• Defense Secretary Donald Rumsfeld was on corporate board of ABB, a European engineering giant that designed and sold components for two light water nuclear reactors to North Korea. ("The Two Faces of Rumsfeld," The Guardian, May 9, 2003)
  • Rachel Corrie's death beneath an Israeli Army bulldozer while trying to stop the demolition of a house in the Gaza Strip signals Israel's crackdown on the nonviolent resistance of the International Solidarity Movement. ("Rachel Corrie died in Palestinian Rubble," New York Observer, May 5, 2003; "Israel Arrests Two Rights Activists," New York Times, May 10, 2003).
  • Washington escalates its campaign against Havana by expelling 14 U.S.-based Cuban diplomats. ("U.S. Expels 14 Cuban Diplomats for Espionage as Tensions Mount," Agence France Press, May 13, 2003)

DOWNLOAD this week's half-hour program of Between The Lines by clicking on one of the links below. Note: Make sure your browser is set for streaming or download depending on your connection speed.

Senior news editor: Bob Nixon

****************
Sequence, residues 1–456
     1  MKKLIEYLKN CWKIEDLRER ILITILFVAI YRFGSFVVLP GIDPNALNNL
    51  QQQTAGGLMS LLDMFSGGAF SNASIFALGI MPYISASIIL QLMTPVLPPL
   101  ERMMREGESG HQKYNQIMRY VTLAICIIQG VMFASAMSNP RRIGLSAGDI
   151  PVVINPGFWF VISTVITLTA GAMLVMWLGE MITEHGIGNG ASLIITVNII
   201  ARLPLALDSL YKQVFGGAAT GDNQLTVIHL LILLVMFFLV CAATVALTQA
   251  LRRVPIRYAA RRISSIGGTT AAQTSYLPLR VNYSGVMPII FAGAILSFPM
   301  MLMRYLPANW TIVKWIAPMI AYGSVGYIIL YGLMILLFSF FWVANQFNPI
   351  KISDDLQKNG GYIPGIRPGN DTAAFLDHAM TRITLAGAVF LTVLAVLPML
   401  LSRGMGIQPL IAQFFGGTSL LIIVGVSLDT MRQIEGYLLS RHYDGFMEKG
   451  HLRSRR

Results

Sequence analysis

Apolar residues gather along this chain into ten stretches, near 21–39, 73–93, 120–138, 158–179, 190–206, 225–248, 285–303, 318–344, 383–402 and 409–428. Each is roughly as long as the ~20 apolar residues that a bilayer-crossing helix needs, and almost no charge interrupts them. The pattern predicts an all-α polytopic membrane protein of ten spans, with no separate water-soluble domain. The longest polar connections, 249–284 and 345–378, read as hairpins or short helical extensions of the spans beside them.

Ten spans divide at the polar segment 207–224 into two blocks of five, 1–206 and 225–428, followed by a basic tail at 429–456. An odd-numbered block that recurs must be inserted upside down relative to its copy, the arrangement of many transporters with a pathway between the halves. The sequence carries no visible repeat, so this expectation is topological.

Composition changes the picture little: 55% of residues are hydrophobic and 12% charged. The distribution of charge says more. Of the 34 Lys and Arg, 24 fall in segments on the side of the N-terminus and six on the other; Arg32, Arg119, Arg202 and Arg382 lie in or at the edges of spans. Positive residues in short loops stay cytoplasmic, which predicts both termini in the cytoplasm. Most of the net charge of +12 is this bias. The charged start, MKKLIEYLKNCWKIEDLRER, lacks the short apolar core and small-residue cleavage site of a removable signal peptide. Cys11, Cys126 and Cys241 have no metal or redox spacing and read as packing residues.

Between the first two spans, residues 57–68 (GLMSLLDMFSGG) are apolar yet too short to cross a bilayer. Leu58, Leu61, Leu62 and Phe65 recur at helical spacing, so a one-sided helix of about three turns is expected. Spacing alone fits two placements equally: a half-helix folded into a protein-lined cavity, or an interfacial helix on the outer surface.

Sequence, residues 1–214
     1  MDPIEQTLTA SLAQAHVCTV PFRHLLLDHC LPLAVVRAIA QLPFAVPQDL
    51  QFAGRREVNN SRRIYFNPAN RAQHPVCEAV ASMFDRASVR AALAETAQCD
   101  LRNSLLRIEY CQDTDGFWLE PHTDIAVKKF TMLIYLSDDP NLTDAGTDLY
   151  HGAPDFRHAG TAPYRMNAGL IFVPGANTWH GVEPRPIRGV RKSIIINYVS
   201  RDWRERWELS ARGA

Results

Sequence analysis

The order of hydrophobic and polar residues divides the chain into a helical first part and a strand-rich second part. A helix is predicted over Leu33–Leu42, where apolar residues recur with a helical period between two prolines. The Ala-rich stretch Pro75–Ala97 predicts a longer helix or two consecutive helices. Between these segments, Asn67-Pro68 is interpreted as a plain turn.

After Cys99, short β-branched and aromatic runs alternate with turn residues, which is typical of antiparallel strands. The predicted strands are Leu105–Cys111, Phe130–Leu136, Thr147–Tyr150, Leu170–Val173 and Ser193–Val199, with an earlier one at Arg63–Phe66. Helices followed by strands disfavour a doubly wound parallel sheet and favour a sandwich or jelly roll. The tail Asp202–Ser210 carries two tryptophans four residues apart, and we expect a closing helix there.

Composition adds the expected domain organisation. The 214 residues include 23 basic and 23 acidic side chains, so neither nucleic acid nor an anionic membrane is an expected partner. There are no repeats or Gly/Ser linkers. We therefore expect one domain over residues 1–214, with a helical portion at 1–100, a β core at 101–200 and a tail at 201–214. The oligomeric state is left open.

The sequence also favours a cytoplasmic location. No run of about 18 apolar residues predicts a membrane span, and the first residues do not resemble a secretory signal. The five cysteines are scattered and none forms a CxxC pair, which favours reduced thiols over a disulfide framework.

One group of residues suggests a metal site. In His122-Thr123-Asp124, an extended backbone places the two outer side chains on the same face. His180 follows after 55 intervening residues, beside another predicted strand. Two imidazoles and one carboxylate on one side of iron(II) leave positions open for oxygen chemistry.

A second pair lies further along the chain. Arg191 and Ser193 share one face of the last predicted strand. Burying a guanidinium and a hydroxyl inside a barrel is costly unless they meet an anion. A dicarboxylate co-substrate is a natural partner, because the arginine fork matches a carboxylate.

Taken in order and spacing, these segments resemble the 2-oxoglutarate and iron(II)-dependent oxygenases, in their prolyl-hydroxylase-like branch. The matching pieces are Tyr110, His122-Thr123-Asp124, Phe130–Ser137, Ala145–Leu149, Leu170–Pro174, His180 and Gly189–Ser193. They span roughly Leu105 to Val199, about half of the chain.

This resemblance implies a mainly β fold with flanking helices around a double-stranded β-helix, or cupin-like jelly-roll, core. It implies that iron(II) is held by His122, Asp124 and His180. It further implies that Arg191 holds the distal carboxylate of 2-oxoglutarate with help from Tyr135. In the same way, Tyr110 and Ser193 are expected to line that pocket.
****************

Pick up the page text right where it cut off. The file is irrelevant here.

Segment producers: Melinda Tuhus, Denise Manzari
Program narration: Sasha Summer Cousineau
News reader: Denise Manzari
Distribution: Anna Manzo, Harry Minot, Jeff Yates
Web editor/producer: Anna Manzo
Executive producer: Scott Harris

... MORE ...

Last Week's Program

Between The Lines Week Ending 5/16/03

Bush Re-Election Issues

"Bush Should be Impeached and Tried for War Crimes" by Denise Giardina, The Charleston Gazette, May 12, 2003

"Senator Alleges 9/11 Coverup," by Josh Meyer, The Los Angeles Times, May 12 2003

"White House Refuses to Release Sept. 11 Info," by Frank Davies, Miami Herald, May 5, 2003

"The Secrets of September 11," by Michael Isikoff and Mark Hosenball, Newsweek Web Exclusive, April 30, 2003

American Empire/War Profiteering in Iraq